Simmons v. Willcox

Citation911 F.2d 1077
Decision Date17 September 1990
Docket Number90-1426,Nos. 90-1030,s. 90-1030
PartiesKay K. SIMMONS, Plaintiff-Appellant, v. Stephen F. WILLCOX, et al., Defendants-Appellees. Summary Calendar.
CourtUnited States Courts of Appeals. United States Court of Appeals (5th Circuit)

Page 1077

911 F.2d 1077
17 Fed.R.Serv.3d 1334
Kay K. SIMMONS, Plaintiff-Appellant,
Stephen F. WILLCOX, et al., Defendants-Appellees.
Nos. 90-1030, 90-1426
Summary Calendar.
United States Court of Appeals,
Fifth Circuit.
Sept. 17, 1990.
Rehearing Denied Oct. 30, 1990.

Page 1078

Patrick C. Frank, The Fielder Firm, Dallas, Tex., for plaintiff-appellant.

William C. Strock, Dean J. Schaner, Haynes & Boone, Dallas, Tex., for Willcox and American Lung Ass'n of Dallas.

Appeal from the United States District Court for the Northern District of Texas.

Before GEE, SMITH, and WIENER, Circuit Judges.

Page 1079

JERRY E. SMITH, Circuit Judge:

Plaintiff Kay K. Simmons appeals from a summary judgment dismissing her various claims under the Employee Retirement Income Security Act of 1974 ("ERISA"), 29 U.S.C. Secs. 1001-1461, on the grounds that she had not pursued available administrative remedies before resorting to litigation and had not demonstrated that the defendants terminated her with the specific intent to deprive her of her pension benefits. Finding no error, we affirm.


Simmons was employed by defendant American Lung Association of Dallas ("ALAD"), first as a respiratory therapist and later as an assistant executive director, from 1974 until her discharge in 1987. The events leading to Simmons's termination began in August 1986, when she applied for the position of executive director but was rejected in favor of defendant Stephen Willcox. Personality conflicts soon developed between Simmons and Willcox--she was critical of his management style, while he regarded her performance as unsatisfactory and her attitude as insubordinate--and in July 1987, Willcox terminated Simmons, citing her inability to meet deadlines and unwillingness to follow orders.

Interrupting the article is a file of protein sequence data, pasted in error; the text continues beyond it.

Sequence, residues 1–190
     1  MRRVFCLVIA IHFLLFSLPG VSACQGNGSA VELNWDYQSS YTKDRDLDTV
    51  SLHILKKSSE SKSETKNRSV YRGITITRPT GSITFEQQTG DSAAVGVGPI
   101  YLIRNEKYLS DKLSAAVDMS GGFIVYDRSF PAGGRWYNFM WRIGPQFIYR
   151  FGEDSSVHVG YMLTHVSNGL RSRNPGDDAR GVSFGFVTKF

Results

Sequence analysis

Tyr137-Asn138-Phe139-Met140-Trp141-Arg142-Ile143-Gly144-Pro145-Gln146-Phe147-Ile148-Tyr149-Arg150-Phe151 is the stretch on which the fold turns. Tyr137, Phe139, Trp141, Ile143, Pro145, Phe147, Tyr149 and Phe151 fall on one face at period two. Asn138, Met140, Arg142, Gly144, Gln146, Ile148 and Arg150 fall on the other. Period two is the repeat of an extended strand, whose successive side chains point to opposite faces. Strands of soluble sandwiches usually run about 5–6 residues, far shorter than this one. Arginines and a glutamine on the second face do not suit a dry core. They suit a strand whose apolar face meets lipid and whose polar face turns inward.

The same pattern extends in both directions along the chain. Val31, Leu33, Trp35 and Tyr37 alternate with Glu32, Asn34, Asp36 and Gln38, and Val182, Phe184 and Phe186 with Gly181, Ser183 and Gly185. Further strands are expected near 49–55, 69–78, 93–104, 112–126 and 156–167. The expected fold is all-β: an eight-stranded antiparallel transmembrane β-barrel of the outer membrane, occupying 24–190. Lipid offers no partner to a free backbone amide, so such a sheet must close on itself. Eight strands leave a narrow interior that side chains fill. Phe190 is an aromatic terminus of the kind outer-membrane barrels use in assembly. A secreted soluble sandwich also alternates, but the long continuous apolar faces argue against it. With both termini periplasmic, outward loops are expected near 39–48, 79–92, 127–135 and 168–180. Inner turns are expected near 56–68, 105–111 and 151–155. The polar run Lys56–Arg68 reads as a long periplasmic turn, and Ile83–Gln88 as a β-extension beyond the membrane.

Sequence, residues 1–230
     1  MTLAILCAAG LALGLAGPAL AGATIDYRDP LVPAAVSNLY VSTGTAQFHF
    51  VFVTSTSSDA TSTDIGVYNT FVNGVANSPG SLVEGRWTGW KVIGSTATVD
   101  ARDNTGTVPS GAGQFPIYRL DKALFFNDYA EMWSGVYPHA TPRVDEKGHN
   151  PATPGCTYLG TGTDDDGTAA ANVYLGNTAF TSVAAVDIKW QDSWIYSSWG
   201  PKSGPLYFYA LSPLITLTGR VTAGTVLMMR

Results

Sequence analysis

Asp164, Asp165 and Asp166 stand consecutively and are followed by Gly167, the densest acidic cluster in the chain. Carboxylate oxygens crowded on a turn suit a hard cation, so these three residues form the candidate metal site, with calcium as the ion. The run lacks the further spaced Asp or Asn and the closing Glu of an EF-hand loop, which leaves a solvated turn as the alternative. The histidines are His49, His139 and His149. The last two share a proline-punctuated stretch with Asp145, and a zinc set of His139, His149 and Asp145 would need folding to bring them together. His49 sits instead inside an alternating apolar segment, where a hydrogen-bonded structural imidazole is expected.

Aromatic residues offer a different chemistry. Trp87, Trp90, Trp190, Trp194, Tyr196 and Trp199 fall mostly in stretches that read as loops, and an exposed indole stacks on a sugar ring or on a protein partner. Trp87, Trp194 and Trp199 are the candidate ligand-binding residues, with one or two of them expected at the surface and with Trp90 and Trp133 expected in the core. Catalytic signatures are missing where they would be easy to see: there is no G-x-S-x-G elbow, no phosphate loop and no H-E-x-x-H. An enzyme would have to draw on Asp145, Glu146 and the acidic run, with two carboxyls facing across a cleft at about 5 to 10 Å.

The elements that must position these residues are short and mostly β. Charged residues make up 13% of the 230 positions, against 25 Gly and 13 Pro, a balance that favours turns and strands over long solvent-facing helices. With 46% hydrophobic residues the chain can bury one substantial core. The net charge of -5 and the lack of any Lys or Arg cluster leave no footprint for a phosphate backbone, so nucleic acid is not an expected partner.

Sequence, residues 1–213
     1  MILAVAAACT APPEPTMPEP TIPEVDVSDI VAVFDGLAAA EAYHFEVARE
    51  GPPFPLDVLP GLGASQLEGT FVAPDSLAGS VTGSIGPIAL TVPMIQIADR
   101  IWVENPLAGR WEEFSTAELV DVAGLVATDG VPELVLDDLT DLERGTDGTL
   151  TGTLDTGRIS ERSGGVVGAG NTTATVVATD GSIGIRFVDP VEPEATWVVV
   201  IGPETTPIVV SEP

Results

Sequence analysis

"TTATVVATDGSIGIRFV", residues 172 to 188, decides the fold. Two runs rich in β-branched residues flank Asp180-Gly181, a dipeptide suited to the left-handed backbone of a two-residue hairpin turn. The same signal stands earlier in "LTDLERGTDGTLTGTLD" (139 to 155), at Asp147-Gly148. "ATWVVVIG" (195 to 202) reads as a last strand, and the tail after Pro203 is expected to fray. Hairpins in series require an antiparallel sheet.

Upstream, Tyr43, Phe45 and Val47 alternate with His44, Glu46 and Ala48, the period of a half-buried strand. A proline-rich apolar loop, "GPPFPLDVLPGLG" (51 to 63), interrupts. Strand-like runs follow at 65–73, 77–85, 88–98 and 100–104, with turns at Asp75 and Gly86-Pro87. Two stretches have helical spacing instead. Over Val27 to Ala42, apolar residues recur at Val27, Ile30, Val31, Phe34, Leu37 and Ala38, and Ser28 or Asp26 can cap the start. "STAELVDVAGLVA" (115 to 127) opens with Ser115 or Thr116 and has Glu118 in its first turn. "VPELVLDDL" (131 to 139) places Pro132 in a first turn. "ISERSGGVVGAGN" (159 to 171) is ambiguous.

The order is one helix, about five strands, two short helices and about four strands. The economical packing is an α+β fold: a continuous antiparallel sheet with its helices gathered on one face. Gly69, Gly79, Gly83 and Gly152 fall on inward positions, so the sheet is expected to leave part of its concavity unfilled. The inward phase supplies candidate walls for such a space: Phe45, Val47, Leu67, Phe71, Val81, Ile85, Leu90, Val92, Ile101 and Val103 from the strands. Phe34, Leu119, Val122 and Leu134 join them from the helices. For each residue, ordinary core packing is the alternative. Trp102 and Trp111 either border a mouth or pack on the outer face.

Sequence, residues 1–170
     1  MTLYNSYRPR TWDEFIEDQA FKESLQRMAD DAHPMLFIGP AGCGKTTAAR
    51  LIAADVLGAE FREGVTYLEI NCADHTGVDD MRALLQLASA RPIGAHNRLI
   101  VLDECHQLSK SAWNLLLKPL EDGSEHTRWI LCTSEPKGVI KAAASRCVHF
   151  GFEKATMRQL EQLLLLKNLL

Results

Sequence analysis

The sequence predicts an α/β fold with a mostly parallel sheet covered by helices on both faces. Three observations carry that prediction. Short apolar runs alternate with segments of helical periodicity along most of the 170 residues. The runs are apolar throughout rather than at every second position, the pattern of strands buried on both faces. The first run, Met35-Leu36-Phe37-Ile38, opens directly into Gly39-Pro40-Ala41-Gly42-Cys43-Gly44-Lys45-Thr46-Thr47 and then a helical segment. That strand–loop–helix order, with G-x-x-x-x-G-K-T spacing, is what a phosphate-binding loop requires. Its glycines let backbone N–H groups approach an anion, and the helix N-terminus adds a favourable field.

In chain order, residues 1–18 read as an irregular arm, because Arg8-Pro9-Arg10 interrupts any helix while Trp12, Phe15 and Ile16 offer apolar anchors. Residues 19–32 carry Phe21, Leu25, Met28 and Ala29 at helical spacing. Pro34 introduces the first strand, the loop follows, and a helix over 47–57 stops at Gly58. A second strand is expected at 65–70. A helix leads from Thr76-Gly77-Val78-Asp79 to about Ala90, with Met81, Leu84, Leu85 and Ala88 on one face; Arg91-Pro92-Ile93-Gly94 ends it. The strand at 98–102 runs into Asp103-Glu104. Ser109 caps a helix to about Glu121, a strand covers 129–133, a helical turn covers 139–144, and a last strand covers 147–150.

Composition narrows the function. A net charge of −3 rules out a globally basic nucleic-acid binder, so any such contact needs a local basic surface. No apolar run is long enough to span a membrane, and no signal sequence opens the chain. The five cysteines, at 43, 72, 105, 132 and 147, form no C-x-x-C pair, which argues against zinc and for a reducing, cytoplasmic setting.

While employed by ALAD, Simmons had become a participant in an employee benefit plan administered by defendant Mutual Life Insurance Company of New York ("MONY"). Shortly after her termination, Simmons wrote to Willcox to request information regarding the status of her retirement and health benefits. Willcox responded that Simmons should direct her questions to Dr. Dan Zellmer of MONY; Simmons followed that advice by writing to Zellmer on September 8, 1987, and making specific inquiries relating to her accrued annuity, interest on her pension account, benefit calculations, vesting percentages, and entitlement to a lump sum distribution of benefits.

On several occasions in October 1987, Zellmer met with Simmons to discuss her options under the employee benefit plan. Apparently, however, Zellmer confused Simmons by providing her with inconsistent figures regarding the lump-sum benefit in her pension account; as a result, Simmons wrote to MONY on October 12, acknowledging that Zellmer had answered many of her questions but requesting further information regarding the methods used to calculate her benefits. In a letter dated November 19, MONY responded to Simmons's inquiries and provided her with forms on which to file a claim for benefits.

However, Simmons elected not to file a claim with MONY. Instead, she filed suit in federal district court against numerous defendants, 1 alleging, inter alia, (1) that she had been terminated because of her age and sex and in order to prevent the vesting of her pension and (2) that Willcox and MONY had breached their fiduciary duties under ERISA by denying her access to information regarding her benefits. After the parties had completed discovery, the district court granted summary judgment in favor of Willcox, ALAD, ALAT, and ALA, reasoning that Simmons had not stated a claim for age or sex discrimination, that her claims for benefits and breach of fiduciary duty were premature in that she had not pursued available administrative remedies, and that she had failed to produce evidence that Willcox and ALAD had terminated her with the specific intent to deprive her of retirement benefits. Some months later, the court also dismissed MONY and CBS.

On appeal, Simmons contests only the summary judgment in favor of ALAD, Willcox, and MONY on her ERISA claims. Citing the familiar principle that exhaustion of administrative remedies will not be required where an attempt to exhaust would be patently futile, see, e.g., Hessbrook

Page 1080

v. Lennon, 777 F.2d 999, 1003 (5th Cir.1985), Simmons argues that she could not pursue the remedies provided for in ALAD's employee benefit plan because the defendants gave her inconsistent and misleading information regarding the status of her benefits. In addition, Simmons maintains that genuine issues of material fact remained as to whether ALAD and Willcox terminated her in order to interfere with her retirement benefits, and therefore, that the district court erred in granting summary judgment on that claim.


Before reaching the merits of Simmons's case, we must examine the basis of our jurisdiction, on our own motion if necessary. Mosley v. Cozby, 813 F.2d 659, 660 (5th Cir.1987). 2 In order to do so, we must first briefly review the...

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